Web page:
2015 hasn’t been the kindest year to Samsung’s mobile division. Despite two new flagship products – the Galaxy S6 and the S6 Edge – the South Korean tech giant simply couldn’t escape the long shadow of Apple’s iPhone which continues to swallow up 94% of all smartphone profits.

But more than that, profits from Samsung’s mobile division have been far from impressive. During the first quarter of 2015, for example, profits from Samsung’s mobile division fell by an astounding 39% year over year.

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Seeking to shed some light on what currently ails the company, Reuters recently spoke to a number of former executives who spoke openly about the more limiting factors of Samsung’s corporate culture.

The problem, in short, rests on the fact that Samsung has no idea what it’s doing with software.

This culture, they say, has stymied many previous efforts to develop software and service platforms to support the smartphone business. In the past year several such services have closed down, at least one of them within a year of being launched.

“There’s a lot of distrust of top executives who can actually implement stuff that is more of a software and services offering,” said one person familiar with the company’s inner workings. “It’s still ‘we know how to sell boxes, we sell boxes’.”

This strategy may have worked well in the past, back when most phone reviews solely focused on specs like speed, performance, and camera quality. Thee mobile landscape in 2015, however, is markedly different. Today, a smartphone is not just measured by hardware, but by the elegance of its software and the utility of its services. It’s hardly a coincidence that Apple is currently preoccupied with fleshing out its selection of software features and services, from iCloud and Apple Music all the way down to 3D Touch.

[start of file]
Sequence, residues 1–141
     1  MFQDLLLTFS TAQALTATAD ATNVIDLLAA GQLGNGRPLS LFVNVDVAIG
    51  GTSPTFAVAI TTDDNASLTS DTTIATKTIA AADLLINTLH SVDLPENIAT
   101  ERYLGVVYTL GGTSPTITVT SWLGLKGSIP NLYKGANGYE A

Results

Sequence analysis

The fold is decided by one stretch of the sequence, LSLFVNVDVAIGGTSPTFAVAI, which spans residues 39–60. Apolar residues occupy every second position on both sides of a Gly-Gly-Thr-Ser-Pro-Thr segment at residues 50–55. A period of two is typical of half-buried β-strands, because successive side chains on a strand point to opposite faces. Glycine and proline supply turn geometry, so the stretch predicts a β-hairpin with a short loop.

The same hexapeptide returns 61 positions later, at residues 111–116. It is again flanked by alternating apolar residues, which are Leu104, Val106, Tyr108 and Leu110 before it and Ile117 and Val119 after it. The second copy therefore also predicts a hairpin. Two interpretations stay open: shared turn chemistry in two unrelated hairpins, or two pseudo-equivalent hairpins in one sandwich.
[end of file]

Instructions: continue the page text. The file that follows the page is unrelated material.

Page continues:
Samsung may do hardware well, but the company’s lack of sophistication with respect to software, coupled with dysfunctional in-fighting, are seemingly working in unison to hold the company back.

Compounding matters is that Samsung’s ambivalence towards software reportedly emanates from the top of the company downward. As a result, former employees who spoke to Reuters articulated that Samsung, in some regards, tends to treat software “as little more than a marketing tool.”

Indeed, if one runs down some of the more curious software features Samsung has rolled out over the past few years, it’s hard to disagree.

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